Social Media

Wednesday, May 22, 2024

The wealthy world insists it has settled its outstanding climate debts

Has mission been accomplished then? Based on the estimates for 2022 from the OECD, the rich countries seem to have finally met their promise to provide $100bn a year of climate finance to poorer nations. However, this achievement comes two years after the original 2020 deadline. Additionally, it is worth noting that the OECD’s figures are still preliminary and may be revised.

Despite the delays, these estimates are expected to ease tensions between the rich and poor countries, especially ahead of COP28, this year’s UN climate summit in Dubai. The failure to fulfill the initial pledge had become a symbol of rich-world hypocrisy, as it urged poorer countries to transition away from fossil fuels without providing the necessary financial support. Therefore, even the tentative indication that rich countries have met the goal is better than none.

In response to these estimates, developing countries are expected to take a “trust but verify” approach. According to Joe Thwaites of the National Resources Defense Council, the OECD projections and data published at the Glasgow climate summit in 2021 suggest that the $100bn pledge may have indeed been met.

However, it is important to note that much of the money has come in the form of loans from multilateral development banks (MDBs) that poorer countries will eventually have to repay. This raises concerns that borrowing to fund climate investments will make their debt burdens less sustainable, especially as these countries already contend with high food and energy prices and a strong dollar. This concern was highlighted at the Africa Climate Summit, where African nations called for a “comprehensive and systemic response” to the incipient debt crisis.

Furthermore, the rich countries have also fallen short in “unlocking” private finance, as the amount of private-sector funding mobilized for climate change adaptation remains insufficient. The global south nations need trillions of dollars to adapt to climate change, yet the efforts to “crowd in” private finance have been limited.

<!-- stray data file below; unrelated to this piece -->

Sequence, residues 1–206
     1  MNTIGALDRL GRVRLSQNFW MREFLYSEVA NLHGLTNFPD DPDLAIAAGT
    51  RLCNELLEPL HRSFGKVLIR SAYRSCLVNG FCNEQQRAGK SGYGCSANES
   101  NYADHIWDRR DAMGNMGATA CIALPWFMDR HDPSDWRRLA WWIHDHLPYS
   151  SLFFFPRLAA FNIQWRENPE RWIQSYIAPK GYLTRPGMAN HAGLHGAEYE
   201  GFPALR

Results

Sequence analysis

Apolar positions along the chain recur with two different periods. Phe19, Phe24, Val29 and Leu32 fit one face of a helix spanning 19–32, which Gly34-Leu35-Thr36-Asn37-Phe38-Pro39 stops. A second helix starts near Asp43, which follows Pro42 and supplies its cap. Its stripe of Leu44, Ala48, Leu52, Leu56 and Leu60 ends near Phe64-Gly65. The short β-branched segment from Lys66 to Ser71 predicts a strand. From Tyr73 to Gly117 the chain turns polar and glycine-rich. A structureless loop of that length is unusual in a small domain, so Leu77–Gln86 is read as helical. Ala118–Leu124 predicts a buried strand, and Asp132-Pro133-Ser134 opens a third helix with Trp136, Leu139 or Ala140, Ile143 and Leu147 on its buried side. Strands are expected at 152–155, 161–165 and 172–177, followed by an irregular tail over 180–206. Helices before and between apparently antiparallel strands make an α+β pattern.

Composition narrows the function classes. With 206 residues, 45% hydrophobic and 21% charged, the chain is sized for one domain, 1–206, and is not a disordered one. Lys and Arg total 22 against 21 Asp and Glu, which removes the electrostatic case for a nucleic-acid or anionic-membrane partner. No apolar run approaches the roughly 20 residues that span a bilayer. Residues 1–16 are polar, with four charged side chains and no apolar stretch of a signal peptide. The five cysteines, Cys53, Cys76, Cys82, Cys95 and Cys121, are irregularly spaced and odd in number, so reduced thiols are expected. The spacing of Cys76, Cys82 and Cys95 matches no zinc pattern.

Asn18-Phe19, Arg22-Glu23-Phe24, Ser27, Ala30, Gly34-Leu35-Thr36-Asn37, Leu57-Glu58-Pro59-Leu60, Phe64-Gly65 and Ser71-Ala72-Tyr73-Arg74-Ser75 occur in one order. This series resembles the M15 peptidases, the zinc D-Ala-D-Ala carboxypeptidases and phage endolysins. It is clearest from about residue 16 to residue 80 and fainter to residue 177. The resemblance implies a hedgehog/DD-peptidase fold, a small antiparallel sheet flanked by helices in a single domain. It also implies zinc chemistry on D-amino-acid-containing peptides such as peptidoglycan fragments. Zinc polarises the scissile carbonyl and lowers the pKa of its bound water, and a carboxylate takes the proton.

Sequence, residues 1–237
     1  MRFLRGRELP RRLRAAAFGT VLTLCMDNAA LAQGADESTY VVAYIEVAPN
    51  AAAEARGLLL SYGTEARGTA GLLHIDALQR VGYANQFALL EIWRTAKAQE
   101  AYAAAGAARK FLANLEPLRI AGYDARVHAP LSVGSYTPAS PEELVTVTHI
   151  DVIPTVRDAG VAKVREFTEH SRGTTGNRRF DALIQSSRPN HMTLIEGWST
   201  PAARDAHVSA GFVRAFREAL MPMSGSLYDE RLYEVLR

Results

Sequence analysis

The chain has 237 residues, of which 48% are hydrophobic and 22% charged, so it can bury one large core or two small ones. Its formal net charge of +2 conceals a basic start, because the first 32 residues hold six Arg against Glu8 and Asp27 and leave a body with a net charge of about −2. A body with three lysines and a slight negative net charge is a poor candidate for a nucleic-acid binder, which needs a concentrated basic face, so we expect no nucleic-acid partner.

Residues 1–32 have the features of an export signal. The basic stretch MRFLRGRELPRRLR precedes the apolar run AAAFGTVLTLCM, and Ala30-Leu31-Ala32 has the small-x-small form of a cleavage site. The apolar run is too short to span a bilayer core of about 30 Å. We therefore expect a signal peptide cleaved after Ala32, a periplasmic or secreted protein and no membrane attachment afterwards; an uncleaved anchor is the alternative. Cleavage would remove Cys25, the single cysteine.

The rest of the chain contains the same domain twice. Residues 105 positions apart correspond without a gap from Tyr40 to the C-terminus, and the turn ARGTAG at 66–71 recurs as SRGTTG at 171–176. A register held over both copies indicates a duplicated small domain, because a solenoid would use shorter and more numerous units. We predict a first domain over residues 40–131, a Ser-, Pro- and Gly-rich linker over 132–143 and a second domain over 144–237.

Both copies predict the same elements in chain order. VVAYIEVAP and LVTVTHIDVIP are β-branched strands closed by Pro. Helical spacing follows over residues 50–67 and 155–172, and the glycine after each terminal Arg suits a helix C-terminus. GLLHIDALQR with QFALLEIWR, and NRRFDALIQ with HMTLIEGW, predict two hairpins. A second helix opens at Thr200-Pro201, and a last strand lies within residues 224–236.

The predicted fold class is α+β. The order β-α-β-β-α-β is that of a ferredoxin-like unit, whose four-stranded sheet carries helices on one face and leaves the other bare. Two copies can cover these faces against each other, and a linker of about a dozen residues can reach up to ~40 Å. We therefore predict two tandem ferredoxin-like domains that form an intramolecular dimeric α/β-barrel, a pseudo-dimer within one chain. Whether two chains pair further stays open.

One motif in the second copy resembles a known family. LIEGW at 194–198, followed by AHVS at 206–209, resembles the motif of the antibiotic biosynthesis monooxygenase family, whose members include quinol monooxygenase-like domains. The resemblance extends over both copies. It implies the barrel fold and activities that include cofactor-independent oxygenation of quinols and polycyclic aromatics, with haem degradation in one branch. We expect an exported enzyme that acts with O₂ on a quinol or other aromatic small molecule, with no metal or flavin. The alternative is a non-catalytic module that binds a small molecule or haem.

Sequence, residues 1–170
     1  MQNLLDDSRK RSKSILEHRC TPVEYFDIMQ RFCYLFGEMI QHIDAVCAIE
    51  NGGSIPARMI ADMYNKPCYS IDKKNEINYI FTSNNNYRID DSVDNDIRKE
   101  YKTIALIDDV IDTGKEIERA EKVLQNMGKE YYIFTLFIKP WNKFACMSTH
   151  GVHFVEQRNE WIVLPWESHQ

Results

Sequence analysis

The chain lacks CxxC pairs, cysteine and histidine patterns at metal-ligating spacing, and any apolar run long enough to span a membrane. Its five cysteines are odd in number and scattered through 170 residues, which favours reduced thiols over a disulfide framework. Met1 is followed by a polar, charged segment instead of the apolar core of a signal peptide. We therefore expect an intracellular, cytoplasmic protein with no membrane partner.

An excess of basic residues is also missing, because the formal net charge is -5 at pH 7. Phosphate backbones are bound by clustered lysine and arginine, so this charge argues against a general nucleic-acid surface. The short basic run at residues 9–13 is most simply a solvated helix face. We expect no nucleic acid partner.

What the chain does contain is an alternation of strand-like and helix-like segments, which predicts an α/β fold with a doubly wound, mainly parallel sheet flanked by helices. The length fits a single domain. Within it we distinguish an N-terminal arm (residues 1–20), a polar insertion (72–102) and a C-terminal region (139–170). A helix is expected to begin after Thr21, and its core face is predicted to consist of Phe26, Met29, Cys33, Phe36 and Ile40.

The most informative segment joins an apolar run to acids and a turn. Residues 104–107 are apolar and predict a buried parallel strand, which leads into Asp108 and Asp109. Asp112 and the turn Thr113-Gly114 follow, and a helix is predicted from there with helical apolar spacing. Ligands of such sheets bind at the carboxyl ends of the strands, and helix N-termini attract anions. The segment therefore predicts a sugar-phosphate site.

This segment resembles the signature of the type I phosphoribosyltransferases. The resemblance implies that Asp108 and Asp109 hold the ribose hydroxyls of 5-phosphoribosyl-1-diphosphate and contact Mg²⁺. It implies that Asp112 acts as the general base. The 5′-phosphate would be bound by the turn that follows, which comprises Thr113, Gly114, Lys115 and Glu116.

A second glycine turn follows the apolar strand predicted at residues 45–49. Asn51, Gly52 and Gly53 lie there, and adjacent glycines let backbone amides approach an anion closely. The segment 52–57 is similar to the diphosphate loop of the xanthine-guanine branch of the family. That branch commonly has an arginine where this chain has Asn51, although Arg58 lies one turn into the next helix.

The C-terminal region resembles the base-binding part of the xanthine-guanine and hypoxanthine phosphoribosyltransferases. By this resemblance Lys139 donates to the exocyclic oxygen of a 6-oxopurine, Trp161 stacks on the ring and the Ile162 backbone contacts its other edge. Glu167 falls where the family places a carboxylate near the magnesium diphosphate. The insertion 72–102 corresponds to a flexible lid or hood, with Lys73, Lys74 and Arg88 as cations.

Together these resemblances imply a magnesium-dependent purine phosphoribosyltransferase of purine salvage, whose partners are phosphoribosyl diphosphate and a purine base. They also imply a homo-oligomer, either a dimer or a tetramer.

The hope is that the recent deal over climate pledges between America and China will bring about a breakthrough, reducing the need for fraught arguments over money at the upcoming COP event in Dubai. However, rich countries must also agree on a new pledge by 2025, as the current framework is set to expire then.

Despite the progress made in meeting the $100bn pledge, there are still disagreements over the use and allocation of climate finance and what should count as climate finance. Moreover, the timeline and contributions for a new target remain topics of contention among donor nations.

While the overdue promises mark a positive step forward, the debates and disagreements over climate finance and the response to a warmer planet show no sign of ending anytime soon. Stay informed and updated on the latest economic, finance, and market news by subscribing to Money Talks, our weekly expert analysis newsletter.

Source link

Leave a Reply

Your email address will not be published. Required fields are marked *

Featured Franchise Opportunity

MilliCare Franchise

Cleaning Franchises, Low Cost Franchises

1515 Mockingbird Lane, Suite 410


Buffalo Wild Wings Go

Food Franchises, Restaurant Franchises

Featured Business For Sale.